Everyone has been subjected to meaningless verbiage and incomprehensible acronyms – but there’s a reason why some people use them
Do you know your ARU from your SIO? What is a UCO or a CHIS, for that matter? Have you ever been accused of “cuckooing” or ignoring an Osman warning?
OK, I’ll stop now. If you’re a fan of the hit UK TV police series Line of Duty these acronyms and these bits of jargon might be familiar to you – even if you don’t know what they mean. While the show has been a phenomenal success, constant use of jargon has amused viewers and commentators.
We wondered why this is. Is the aim to make the show appear more authentic and credible? We don’t have a problem with technical language – but only when it’s appropriate for the audience and there are no simpler, more everyday alternatives. In a study published last year, “Compensatory Conspicuous Communication: Low Status Increases Jargon Use,” researchers from the USC Marshall School of Business at the University of Southern California and Columbia Business School explored the link between how people’s perception of their status affects their use of jargon.
Jargon and university rankings
The research team looked at the titles of nearly 65,000 dissertations and MA theses and then cross referenced each paper to US News and World Report’s annual college ranking. From this they classified the papers’ authors in terms of the status of the universities that they attended. They then used common readability indices to measure the use of jargon in each title. The researchers discovered that authors from universities that were lower down the rankings tended to use more jargon and complex language than their peers at institutions that are regarded as more prestigious. They were also more likely to include acronyms in those titles.
In a further experiment the researchers told a group of participants that they were either from lower or higher-ranking universities than others. The participants use of jargon was then compared in a range of situations including business pitches, online conversations about research and the compiling of professional profiles.
The research discovered that those in the low status groups consistently used more jargon than the others. In a third experiment the participants were asked why they used the language that they had used. Interestingly, their responses showed that they were more aware of how their audiences judge them. Those in the higher status categories, on the other hand, were more focused on simply getting the message across and expressing their ideas. The researchers went on to note that jargon can be used not only to communicate but also “to signal information about one’s standing within a group”.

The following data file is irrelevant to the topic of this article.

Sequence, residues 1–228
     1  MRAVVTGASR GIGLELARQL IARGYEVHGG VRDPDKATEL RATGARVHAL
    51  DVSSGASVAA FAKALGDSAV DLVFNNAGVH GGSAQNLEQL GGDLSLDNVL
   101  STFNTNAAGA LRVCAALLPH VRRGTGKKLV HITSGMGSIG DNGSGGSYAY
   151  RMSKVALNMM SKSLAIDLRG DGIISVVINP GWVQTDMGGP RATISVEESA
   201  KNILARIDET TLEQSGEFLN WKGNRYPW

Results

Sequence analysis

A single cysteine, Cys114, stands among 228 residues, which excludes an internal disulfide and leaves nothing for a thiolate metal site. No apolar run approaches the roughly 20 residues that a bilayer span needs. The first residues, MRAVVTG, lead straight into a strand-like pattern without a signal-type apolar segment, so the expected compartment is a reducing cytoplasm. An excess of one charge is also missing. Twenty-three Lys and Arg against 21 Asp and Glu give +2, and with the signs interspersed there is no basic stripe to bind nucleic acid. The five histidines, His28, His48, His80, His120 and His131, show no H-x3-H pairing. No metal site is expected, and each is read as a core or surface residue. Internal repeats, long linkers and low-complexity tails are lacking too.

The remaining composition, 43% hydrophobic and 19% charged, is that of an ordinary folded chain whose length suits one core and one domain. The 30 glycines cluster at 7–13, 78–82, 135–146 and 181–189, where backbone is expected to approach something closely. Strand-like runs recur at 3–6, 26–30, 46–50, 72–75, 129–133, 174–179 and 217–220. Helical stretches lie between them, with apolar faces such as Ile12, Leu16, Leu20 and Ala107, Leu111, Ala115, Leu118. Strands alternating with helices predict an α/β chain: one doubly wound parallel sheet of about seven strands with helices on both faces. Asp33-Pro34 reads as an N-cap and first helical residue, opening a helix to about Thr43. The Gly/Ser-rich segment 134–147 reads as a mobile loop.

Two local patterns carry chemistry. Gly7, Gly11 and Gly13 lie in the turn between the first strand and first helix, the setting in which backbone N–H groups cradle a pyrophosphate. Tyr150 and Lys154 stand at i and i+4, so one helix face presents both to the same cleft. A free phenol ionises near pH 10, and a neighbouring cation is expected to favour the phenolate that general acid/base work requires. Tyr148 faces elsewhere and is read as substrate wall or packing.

Other psychologists regard this as a form of “compensatory strategy”. It’s a bit like people who boast or act in an aggressive manner because they feel insecure. Lucy Kellaway, a columnist at the Financial Times used to conduct a regular jargon audit among business leaders. “Business bull**** has got a million per cent more bull****y,” she wrote. Her worst examples? She cited Starbucks executive chairman Howard Shultz, talking about Starbucks Roasteries “delivering an immersive, ultra-premium, coffee-forward experience”. There are many more, needless, to say.
The findings by the University of Southern California and Columbia Business School comes on top of research that shows that the more complex and jargon-heavy language is, the more likely its aim is to confuse and obfuscate rather than to actually communicate. “Why Business people Speak Like Idiots: A Bullfighter’s Guide,” looks at the case of Enron where the language in annual reports and other publications from the company become more infested with jargon as it slid into chaos and bankruptcy.
And yet, of course, the most successful, charismatic, influential business leaders tend to be the ones who use natural language. Consider Richard Branson, Steve Jobs and Angela Ahrendts.
In an interview with Inc magazine, Eric Anicich, one of the researchers involved in the investigation above, advises leaders to “Conduct a linguistic audit of the words, phrases, and acronyms that are commonly used in the organisation. Are these words and phrases really clearer and more efficient than alternative words or phrases that could be used instead? Are certain words used so exhaustively as to be rendered meaningless?”
The golden rule at Threshold is to communicate to express yourself not to impress others, and so Anicich’s comments sound like good advice to us.